A Japanese food entrepreneur appreciates Loyverse for being very user friendly and easy to navigate.
Barbara Syyap runs a Japanese franchise store called Takoyadon that is located on the ground floor of Venice Grand Canal Mall, Taguig, Philippines. Their menus consist of authentic Japanese cuisine that is a hotspot among customers who are searching for delicious, reasonably priced Japanese food.
Can you briefly describe the business that you have?
Takoyadon is a franchise business we franchised in December 2021, and it has been in operation for 6 months already. Takoyadon stands for “takoyaki, yakisoba, and donburi”. Our products are mostly Japanese food and it falls under the fast food category. We have a branch in Venice Grand Canal Mall (Taguig, Metro Manila, Philippines), and right now, I am on the road and I just finished a meeting for another branch that we plan to open this month.
What was your motivation for becoming an entrepreneur?
I have been working for the last 30 years in a corporate job and retired. The money I received I used some to invest in a business. Because you cannot be an employee forever right? So I decided to move on with becoming an entrepreneur.
Do you have any philosophy that you follow in your business?
Based on my 6 months in business, I can say that when you take care of your customers, they will take care of you. You have to provide them with quality products and services and make sure that they come back. They themselves willingly become an ambassador of my brand.
What do you think makes your business stand out from other businesses?
I think in Venice (the mall my store is located) there are very few food & beverage stalls in the food court where we are located, and there are no other Japanese stalls there. So I think it is an edge for us. Unlike when you go to other malls, you have several stores that sell the same products.
Apart from that, I am very prolific when it comes to joining programs with FoodPanda that I’ve become one of their favorite merchants. Usually, when you become a merchant of FoodPanda, they’ll remit you the payment one week after. But since I’ve become a favorite merchant, now I get my remittances the following day, right away.
I would also say that I am very prolific in digital advertising. I have a Facebook page that is very dynamic. I would always have digital advertisements at least twice a month. I am also well updated with new menus and promos that come almost every week.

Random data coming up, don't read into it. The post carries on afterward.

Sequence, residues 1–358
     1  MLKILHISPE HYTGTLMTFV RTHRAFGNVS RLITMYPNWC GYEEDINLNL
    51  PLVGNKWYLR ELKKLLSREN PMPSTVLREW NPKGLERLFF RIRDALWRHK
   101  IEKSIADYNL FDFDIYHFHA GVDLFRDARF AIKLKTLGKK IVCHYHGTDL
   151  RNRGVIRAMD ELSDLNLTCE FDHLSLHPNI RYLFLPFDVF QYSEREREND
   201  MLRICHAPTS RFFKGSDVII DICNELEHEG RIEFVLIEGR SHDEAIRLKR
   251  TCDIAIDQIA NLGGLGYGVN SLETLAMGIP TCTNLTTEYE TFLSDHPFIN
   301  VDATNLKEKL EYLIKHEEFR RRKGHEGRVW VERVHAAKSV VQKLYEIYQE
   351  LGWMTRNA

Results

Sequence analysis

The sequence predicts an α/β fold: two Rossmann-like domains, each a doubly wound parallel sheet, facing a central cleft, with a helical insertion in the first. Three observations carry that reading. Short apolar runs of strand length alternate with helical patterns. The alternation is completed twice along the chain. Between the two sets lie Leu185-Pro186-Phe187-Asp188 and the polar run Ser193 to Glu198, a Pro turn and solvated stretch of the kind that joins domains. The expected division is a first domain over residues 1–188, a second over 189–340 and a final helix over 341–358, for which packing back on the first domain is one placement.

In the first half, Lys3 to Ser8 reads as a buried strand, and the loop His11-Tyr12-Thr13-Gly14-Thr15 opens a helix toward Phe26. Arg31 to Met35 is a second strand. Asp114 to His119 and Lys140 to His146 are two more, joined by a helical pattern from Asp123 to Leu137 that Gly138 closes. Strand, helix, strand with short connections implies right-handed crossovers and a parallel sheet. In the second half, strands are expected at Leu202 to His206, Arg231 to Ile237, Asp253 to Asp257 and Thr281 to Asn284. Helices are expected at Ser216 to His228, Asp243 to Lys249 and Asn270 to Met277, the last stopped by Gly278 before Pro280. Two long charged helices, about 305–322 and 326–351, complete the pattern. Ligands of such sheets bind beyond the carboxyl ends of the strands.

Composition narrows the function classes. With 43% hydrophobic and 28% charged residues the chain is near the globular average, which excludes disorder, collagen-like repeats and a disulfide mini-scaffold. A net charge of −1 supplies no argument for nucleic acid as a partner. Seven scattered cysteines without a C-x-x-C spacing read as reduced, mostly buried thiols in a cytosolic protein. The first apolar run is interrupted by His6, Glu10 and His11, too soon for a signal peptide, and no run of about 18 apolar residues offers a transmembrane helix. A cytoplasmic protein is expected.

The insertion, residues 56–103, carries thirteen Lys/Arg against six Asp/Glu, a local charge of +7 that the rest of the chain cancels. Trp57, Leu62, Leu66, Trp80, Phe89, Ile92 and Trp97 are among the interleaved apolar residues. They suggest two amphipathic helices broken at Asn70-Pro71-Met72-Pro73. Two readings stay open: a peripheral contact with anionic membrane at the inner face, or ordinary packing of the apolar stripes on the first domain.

And of course our food, I can really say that it is delicious, very Japanese and very authentic, and the prices are very reasonable.
What is your goal for the next 10 years?
My goal for the next 10 years (if I’m still alive), I hope to have more branches for Takoyadon. Or if there will be an opportunity for me to become a franchisor, since I’m only a franchisee at the moment, I think that should be a nice goal in 10 years or less.
How did you first learn about Loyverse and which features have been most useful for your business?
Loyverse was actually introduced to us by our franchisor. I actually never heard of it before but I found it very user-friendly. It was so easy to use and navigate. Especially when I export reports to excel, I can easily navigate my way through it.
In terms of the reports the app generates for the owner, it is really good. In fact, when I compared it with the POS system that my friend (another franchisee of Takoyadon in Megamall), she was telling me that Loyverse is better than the POS system that she was using, which was a more expensive POS system.
Do you have any last words/ messages for other future entrepreneurs for entrepreneurs in general?
There are a lot of birth pains when it comes to becoming an entrepreneur. I retired from a corporate job of 30 years. When I worked in a corporation, I was in a sales and marketing position. You have a quota, you have a target, and you have to manage people. And you don’t really own your time. They say when you are a business person, you own your time and don’t have a target, but it is also not. There’s more to it than just saying, “Hey, I am my own boss”. It’s not really true. You don’t own your time because you also need to manage your staff and kitchen crew. It is very different from managing fellow professional people in a corporation. There are a lot of challenges, birth pains, as well as surprises. Especially when you are a tenant in a Mall. My husband and I were both surprised to find out that apart from the rent, we also have to pay for other utilities as a tenant.
And of course, the challenges of an entrepreneur, especially when you are in the food & beverage industry, is the cost of goods. Now all the goods are increasing in terms of cost. That is what’s killing us in terms of the net income. Basically, my message is that when you’re in a corporation, you’re kind of spoiled. Everything is provided for you and you just have to wait for your salary every month. But if you are an entrepreneur, it’s really different, although you get the net income that you deserve which is based on your efforts.
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